Jump to ContentJump to Main Navigation
The Hurt(ful) BodyPerforming and Beholding Pain, 1600-1800$
Users without a subscription are not able to see the full content.

Tomas Macsotay, Cornelis van der Haven, and Karel Vanhaesebrouck

Print publication date: 2017

Print ISBN-13: 9781784995164

Published to Manchester Scholarship Online: January 2018

DOI: 10.7228/manchester/9781784995164.001.0001

Show Summary Details
Page of

PRINTED FROM MANCHESTER SCHOLARSHIP ONLINE (www.manchester.universitypressscholarship.com). (c) Copyright Manchester University Press, 2022. All Rights Reserved. An individual user may print out a PDF of a single chapter of a monograph in MSO for personal use.date: 04 July 2022

The economics of pain: pain in Dutch stock trade discourses and practices, 1600–1750

The economics of pain: pain in Dutch stock trade discourses and practices, 1600–1750

(p.273) 11 The economics of pain: pain in Dutch stock trade discourses and practices, 1600–1750
The Hurt(ful) Body

Inger Leemans

Manchester University Press

In the early modern period, bourses were scenes of physical exchange. As most of our stock trade has grown into a virtual interplay between online traders and algorithms, researching the embodied stock trade of the early modern bourse floor can provide insight in the performance of trade and the role violence and pain played in this sector. This chapter researches the physical practices of stock trade on the Amsterdam exchange in the 17th and 18th century, with special attention for the role of the general public in this ‘financial theatre’. While exploring economic practices and concepts through images, artists made use of concepts of physicality to make distinctions between different kinds of trade. This becomes all the more transparent in the 1720s, when the South Sea Bubble spurred a wind trade in visual and textual commentaries. Cartoons, poems and theatre plays represented speculative trade through the image of clashing and hurting bodies. When and why did the stock trade hurt? What was the role of the public and the governing bodies in this deep play? How can the economy’s sick and hurting body be cured? This chapter will analyse the sensitivities of the painful stock trade practices on the bourse floor and in the theatre.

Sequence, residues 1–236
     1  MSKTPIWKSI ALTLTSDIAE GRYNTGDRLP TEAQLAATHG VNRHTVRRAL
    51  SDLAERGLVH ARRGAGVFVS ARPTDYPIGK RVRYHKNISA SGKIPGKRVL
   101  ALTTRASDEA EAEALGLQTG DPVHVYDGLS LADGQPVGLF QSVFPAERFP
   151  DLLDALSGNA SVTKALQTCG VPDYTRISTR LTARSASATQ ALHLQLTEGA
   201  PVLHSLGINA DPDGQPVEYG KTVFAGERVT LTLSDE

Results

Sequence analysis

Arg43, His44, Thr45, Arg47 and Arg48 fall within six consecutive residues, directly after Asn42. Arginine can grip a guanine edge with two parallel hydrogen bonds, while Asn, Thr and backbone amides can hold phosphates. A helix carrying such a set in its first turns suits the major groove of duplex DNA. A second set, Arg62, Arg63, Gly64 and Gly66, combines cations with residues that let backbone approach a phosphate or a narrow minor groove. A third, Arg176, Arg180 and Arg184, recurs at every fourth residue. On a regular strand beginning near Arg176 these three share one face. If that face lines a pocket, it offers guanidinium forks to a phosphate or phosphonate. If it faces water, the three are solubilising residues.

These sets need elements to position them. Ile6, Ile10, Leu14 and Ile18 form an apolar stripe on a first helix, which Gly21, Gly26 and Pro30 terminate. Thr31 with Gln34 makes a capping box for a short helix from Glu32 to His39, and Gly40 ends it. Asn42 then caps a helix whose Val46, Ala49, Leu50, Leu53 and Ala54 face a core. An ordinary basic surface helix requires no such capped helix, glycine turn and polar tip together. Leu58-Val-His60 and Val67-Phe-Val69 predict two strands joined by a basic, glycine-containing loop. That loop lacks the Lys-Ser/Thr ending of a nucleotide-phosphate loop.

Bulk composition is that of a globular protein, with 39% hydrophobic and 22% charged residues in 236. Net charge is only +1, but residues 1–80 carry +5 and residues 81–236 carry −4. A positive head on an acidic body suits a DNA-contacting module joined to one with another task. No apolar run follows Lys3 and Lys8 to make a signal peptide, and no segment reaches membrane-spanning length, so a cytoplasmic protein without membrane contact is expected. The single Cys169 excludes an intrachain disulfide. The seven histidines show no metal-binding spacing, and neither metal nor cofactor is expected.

Keywords:   Amsterdam; Stock trade; Visual representation, Economics of pain

Manchester Scholarship Online requires a subscription or purchase to access the full text of books within the service. Public users can however freely search the site and view the abstracts and keywords for each book and chapter.

Please, subscribe or login to access full text content.

If you think you should have access to this title, please contact your librarian.

To troubleshoot, please check our FAQs, and if you can't find the answer there, please contact us.